Recitation Of 2017 Tax Cuts May Be GOP’s Only Strategy For 2018

on February 1, 2018 in White Sulphur Springs, West Virginia.
Alex Wong/Getty Images North America

WHITE SULPHUR SPRINGS, West Virginia (AP) — Congressional Republicans have gathered at a West Virginia resort in search of a winning election-year agenda. The best they have to offer in 2018 may be a recitation of the tax cuts approved in 2017 — and the threat of another government shutdown is looming.

The legislators had forums on topics such as infrastructure, national security and the economy — but noticeably not on immigration, the major issue that bedevils them.

They got a pep talk from President Donald Trump reliving passage of the tax bill and highlighting other GOP victories from his first year in office. But the president offered no clear strategy for resolving the immigration-and-spending standoff that produced a three-day government shutdown in January and threatens a second shutdown next week. And he offered no new policy details on infrastructure, prescription drug prices or other items he’s mentioned as ripe for attention in 2018.

As for an immigration strategy, Trump said: “We have to get help from the other side, or we have to elect many more Republicans.” He then proceeded to take jabs at Democrats just days after calling for bipartisan unity in his State of the Union address.

Trump took a similar tack at a second GOP event Thursday night in Washington.

“You know the Democrats are AWOL. They’re missing in action,” Trump said at the Republican National Committee’s winter meeting at his Washington hotel. “We’re saying, ‘Where are they?’ We have a proposal. We never hear from them.”

Republicans appear headed into the year with the idea that 2017 was when they got bigger items done and that 2018 will be a time to deal with necessary business, including spending and immigration. Infrastructure would likely require a sustained push from the president. The message for the midterms is expected to be the economy and tax cuts.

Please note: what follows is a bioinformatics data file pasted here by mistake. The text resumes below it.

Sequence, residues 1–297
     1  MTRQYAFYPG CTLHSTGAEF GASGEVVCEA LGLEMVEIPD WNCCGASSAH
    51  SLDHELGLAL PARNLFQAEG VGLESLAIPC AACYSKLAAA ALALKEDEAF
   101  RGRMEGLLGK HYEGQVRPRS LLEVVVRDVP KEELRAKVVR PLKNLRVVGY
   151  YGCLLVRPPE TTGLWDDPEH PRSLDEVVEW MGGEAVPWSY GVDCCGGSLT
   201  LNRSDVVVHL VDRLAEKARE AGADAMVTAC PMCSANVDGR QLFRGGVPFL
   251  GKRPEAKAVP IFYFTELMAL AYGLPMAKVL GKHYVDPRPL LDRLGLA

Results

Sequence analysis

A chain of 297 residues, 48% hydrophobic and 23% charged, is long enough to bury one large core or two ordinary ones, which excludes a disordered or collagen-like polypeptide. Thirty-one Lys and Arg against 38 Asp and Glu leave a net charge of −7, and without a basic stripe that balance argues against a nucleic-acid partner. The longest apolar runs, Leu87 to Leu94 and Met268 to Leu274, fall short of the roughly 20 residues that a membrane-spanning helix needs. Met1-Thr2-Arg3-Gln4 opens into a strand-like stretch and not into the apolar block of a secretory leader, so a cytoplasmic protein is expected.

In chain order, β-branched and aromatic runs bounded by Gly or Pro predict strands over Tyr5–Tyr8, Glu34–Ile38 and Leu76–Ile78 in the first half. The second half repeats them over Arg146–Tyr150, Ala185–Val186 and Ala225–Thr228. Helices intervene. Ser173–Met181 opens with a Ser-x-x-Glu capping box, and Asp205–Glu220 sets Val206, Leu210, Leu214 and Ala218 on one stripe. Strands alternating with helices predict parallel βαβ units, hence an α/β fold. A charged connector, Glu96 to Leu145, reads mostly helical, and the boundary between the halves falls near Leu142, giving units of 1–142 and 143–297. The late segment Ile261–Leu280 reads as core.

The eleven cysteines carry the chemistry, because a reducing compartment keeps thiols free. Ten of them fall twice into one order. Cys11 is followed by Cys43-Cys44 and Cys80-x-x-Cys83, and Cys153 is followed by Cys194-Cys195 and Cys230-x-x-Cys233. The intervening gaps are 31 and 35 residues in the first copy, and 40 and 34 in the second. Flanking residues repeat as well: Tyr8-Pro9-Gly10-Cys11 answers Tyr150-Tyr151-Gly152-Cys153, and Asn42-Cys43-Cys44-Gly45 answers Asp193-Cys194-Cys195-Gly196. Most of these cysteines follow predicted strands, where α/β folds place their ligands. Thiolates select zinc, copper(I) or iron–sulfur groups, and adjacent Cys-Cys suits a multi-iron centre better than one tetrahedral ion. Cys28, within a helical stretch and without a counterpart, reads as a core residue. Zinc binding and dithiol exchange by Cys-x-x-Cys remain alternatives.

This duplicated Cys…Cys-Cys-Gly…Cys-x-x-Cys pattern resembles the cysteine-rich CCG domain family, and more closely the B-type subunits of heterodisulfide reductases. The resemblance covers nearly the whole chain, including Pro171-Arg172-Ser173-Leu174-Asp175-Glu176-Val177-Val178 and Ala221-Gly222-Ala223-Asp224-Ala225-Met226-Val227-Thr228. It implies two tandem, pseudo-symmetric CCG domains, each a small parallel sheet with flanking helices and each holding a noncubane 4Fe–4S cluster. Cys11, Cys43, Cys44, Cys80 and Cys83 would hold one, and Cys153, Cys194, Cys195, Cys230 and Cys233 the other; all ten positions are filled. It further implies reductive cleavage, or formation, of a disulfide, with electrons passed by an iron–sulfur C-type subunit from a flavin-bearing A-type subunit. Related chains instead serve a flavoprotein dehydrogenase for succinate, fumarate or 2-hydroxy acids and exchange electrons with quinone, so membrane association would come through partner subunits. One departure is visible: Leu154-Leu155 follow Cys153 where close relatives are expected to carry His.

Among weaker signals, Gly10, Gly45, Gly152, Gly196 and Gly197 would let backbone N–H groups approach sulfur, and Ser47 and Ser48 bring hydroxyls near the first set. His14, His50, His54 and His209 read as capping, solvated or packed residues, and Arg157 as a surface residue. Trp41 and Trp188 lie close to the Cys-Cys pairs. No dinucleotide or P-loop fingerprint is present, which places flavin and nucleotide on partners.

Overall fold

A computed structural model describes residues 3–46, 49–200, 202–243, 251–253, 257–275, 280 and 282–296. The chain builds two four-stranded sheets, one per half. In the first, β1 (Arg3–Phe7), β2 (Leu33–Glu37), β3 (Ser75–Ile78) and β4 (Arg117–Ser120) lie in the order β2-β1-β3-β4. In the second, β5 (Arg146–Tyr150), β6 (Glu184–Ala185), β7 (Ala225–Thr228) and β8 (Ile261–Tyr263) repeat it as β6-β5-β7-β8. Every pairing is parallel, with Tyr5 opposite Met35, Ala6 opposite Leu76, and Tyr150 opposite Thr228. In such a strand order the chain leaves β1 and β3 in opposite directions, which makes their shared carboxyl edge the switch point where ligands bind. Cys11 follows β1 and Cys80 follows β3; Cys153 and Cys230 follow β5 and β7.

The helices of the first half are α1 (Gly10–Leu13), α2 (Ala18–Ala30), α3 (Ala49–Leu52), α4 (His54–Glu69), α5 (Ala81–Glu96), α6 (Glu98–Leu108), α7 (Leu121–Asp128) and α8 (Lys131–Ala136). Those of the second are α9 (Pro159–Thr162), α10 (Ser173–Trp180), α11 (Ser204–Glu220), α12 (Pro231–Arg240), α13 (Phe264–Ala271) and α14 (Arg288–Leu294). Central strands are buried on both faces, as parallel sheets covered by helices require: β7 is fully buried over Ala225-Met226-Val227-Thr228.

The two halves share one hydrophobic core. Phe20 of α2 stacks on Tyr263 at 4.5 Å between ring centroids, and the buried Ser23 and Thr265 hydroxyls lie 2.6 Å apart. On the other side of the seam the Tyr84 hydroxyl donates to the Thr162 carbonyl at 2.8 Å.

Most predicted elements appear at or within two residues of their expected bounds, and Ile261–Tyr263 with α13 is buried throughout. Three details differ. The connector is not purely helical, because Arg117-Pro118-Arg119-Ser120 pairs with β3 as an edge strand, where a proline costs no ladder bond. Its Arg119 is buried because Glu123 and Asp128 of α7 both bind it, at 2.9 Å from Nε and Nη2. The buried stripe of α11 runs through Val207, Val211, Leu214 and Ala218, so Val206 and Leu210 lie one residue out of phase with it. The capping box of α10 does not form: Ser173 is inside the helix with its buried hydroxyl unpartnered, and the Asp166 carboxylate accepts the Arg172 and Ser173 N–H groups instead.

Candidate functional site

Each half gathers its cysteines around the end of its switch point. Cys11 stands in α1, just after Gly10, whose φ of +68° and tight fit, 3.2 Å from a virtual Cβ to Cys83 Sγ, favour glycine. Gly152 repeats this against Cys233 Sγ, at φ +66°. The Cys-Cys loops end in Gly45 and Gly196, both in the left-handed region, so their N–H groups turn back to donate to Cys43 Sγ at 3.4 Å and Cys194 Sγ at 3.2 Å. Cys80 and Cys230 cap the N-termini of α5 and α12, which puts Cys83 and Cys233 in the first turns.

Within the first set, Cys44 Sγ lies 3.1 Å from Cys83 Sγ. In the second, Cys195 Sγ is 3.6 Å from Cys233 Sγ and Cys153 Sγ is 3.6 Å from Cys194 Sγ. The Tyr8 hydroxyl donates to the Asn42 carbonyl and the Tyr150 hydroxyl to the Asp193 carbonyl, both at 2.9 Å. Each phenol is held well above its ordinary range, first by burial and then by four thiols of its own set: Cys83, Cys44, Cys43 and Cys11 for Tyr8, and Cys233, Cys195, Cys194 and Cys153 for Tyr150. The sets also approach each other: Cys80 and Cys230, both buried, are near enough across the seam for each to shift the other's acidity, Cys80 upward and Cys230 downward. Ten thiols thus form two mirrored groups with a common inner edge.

“Tax reform is working,” said House Speaker Paul Ryan, citing investments by UPS and employee bonuses by Lowe’s as the latest evidence. Take-home pay is going up, while consumer confidence is at a 17-year high and unemployment at a 17-year low, Ryan said.

Rep. Bill Shuster, R-Pa., chairman of the House Transportation Committee, gamely told reporters that Trump’s history as a developer makes him the ideal person to push a major infrastructure plan.

Shuster said public-private partnerships such as those used by Connecticut at highway rest stops could be an alternative. Raising the gas tax, a reliable source of funding for highways, is a tough sell with this Congress.

Trump mentioned a “right to try” bill to speed approval of life-saving drugs, but the plan received little or no buzz among lawmakers.

Besides tax cuts and the strong economy, Republicans said they have a not-so-secret weapon: House Democratic Leader Nancy Pelosi, who said the GOP tax bill would provide mere “crumbs” for many taxpayers.

Trump compared the remark to Hillary Clinton’s 2016 description of his supporters as “deplorables,” and Rep. Steve Stivers, R-Ohio, chairman of the House campaign arm, said Pelosi’s words will be repeated in TV ads around the country.

“Her ‘crumbs’ comment is something I think we can use pretty effectively,” Stivers said.

Amid the optimism were nagging questions about whether lawmakers will enact immigration changes or deadlock over Trump’s calls for a wall along the Mexican border and a path to citizenship for young immigrants here illegally. Meanwhile Congress faces a Feb. 8 deadline to avert another government shutdown.

Senate Majority Leader Mitch McConnell promised that wouldn’t happen, saying, “There’s no education in the second kick of a mule.”

Sen. James Lankford, R-Okla., said he doubted there will be a unified Republican approach on immigration, noting that House and Senate Republicans have vastly different visions on the bill. And while there was no formal immigration session on the agenda, Lankford and other lawmakers said the issue has come up frequently in informal talks among lawmakers.

“There’s a lot of dialogue happening in the hallway” on immigration, Lankford said, adding that he hopes the GOP will coalesce around a White House framework Trump outlined last week and reiterated during his State of the Union address.

The White House has proposed creating a path to citizenship for up to 1.8 million young people living in the county illegally in exchange for billions for a border wall and dramatic cuts to legal immigration. Democrats have blasted the plan and called it dead on arrival.

Trump claimed that if Democrats don’t agree to the immigration framework he’s presented, it will be because they want the issue to animate voters in the 2018 midterm elections.

“It’s now an election issue that will go to our benefit, not their benefit,” he said.

In Washington later, he said: “I don’t think they want to solve the DACA problem. I think they want to talk about it. I think they want to obstruct. … That’s all they do is resist.”

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Associated Press writers Jill Colvin and Andrew Taylor in Washington contributed to this story.

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